Flexure 40 and flexure 60 (with or without tail 80) may be formed using many different methods, including attachment of separate layers, additive formation, such as material deposition, and subtractive formation from a multi-layer laminate. Preferably, however, the trace assemblies 50, 70 and tail 80 are formed by etching of at least the copper layer 51, 81 to produce the traces 52, 72, 82.
As stated above, in order to manage the signal put out by the head slider 22 at the end of the flexure, such as 40, electronic circuitry is usually required. Most of the necessary circuitry is typically mounted off of the head suspension 10 in another portion of the disk drive 2. However, with the ever decreasing size of the disk drive components, including the electronics, the need for signal amplification, modification and/or reading closer to the source of the signal, i.e., the head slider 22, becomes increasingly important. In order to accommodate this need, electronic components, such as integrated circuit chips (“chips”), may be mounted adjacent the conductive layer 51 between the head slider and related electronics.
Referring again to FIG. 3, in this embodiment, a chip 100 (shown in phantom) is mounted adjacent to traces 82 of tail 80. Referring now also to FIG. 4, an enlarged detailed view of a portion of suspension tail 80 is shown. As stated above, conductive layer 81 is formed into a plurality of conductive traces 82 that provide a bonding area 85 for the chip 100. The bonding area 85 includes a plurality of bonding pads 86 that are larger areas of conductive material integrally formed with the traces 82. The bonding pads 86 are shaped and sized primarily to conform to and accommodate electrical connection to corresponding bonding areas (not shown) on the chip 100.
As described in the Background section above, however, mounting of the chip 100 on the tail 80, in relatively close proximity to a head slider, has the potential for creating problems in the disk drive due to heat generated by the chip 100. In order to dissipate this heat, the bonding pads 86 and traces 82 may be formed from material that is both electrically and thermally conductive. In addition, the bonding pads 86 may be formed as larger areas of conductive material than are necessary for electrical connection alone. To further dissipate heat from the chip 100, portions of the traces 82 adjacent the bonding area 85 may be formed as expanded areas of conductive material, such as those shown specifically for traces 88 and 90. These expanded areas greatly increase the two-dimensional surface area of thermally conductive material available to dissipate heat generated by the chip 100 mounted on the tail 80.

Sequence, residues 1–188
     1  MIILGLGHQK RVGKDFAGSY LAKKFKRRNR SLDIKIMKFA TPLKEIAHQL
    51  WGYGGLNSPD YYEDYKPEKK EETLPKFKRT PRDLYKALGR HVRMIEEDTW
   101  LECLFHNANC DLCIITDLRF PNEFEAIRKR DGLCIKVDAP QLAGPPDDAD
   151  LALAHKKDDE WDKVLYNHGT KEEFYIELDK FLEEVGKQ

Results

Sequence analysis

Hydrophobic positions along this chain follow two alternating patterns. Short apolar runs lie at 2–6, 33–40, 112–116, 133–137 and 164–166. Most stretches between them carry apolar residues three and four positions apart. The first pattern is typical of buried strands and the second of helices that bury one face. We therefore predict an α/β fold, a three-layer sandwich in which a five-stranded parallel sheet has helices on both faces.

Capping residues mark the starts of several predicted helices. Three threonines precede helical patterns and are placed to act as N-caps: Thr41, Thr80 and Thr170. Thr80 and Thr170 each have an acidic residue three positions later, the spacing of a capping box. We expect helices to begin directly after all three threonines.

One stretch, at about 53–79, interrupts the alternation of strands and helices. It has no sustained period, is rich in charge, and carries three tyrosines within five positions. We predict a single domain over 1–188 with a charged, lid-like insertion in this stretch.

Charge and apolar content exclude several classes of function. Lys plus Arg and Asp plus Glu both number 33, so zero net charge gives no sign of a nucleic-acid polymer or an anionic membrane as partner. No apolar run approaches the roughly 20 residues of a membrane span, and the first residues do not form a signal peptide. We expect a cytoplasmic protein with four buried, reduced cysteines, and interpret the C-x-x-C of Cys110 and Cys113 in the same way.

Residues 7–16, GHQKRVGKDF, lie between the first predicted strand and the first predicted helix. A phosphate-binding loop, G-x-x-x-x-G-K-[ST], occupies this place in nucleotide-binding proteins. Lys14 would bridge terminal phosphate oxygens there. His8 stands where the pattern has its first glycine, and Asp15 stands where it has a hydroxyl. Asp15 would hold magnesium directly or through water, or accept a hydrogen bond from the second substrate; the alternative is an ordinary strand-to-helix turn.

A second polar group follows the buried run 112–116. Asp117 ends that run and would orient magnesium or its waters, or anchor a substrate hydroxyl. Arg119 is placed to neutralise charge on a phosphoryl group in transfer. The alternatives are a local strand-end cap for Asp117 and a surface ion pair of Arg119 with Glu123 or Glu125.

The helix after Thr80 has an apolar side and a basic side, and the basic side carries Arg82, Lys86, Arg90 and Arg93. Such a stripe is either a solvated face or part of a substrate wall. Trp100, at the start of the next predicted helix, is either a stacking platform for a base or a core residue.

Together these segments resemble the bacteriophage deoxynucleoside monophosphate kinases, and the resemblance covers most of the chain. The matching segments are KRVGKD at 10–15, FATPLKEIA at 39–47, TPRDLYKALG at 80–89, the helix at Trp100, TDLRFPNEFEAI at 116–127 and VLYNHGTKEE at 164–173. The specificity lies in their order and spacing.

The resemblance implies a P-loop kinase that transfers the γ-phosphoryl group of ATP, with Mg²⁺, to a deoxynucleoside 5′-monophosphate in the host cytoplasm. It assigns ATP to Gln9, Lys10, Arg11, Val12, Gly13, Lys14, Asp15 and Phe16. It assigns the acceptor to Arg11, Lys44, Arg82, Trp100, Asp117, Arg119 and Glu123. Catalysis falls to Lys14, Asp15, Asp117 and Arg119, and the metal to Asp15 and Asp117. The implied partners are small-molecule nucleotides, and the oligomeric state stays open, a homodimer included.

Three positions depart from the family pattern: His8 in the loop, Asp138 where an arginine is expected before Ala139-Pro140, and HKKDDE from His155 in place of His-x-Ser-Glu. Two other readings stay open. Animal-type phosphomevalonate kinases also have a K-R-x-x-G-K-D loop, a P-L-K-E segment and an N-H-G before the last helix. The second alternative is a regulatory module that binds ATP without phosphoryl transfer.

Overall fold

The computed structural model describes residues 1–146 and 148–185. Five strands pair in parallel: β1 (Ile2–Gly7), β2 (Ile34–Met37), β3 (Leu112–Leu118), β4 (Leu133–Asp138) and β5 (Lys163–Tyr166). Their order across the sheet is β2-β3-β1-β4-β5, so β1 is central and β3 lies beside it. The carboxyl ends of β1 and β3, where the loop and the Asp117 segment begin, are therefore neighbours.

To additionally increase heat dissipation and take full advantage of the air flow present in the disk drive 2 due to rotation of the disk 4, the present invention provides for the integral creation of three-dimensional heat dissipation structures within these expanded trace areas, such as 88, 90. Referring now also to FIG. 5, in this embodiment, the trace 90 includes a heat dissipation area 91 formed with a plurality of heat fins 93 separated by valleys 92. The valleys 92 preferably only extend into the conductive layer 81 a portion of an overall thickness 94 of the layer 81, thereby providing conductive material for heat dissipation along both the sides 96 and bases 99 of the valleys 92. However, valleys 92 that extend through the entire thickness 94 of the conductive layer 81 are also possible. The heat dissipation area 91 with heat fins 93 greatly increase the three-dimensional surface area of thermally conductive material available to dissipate heat generated by the chip 100.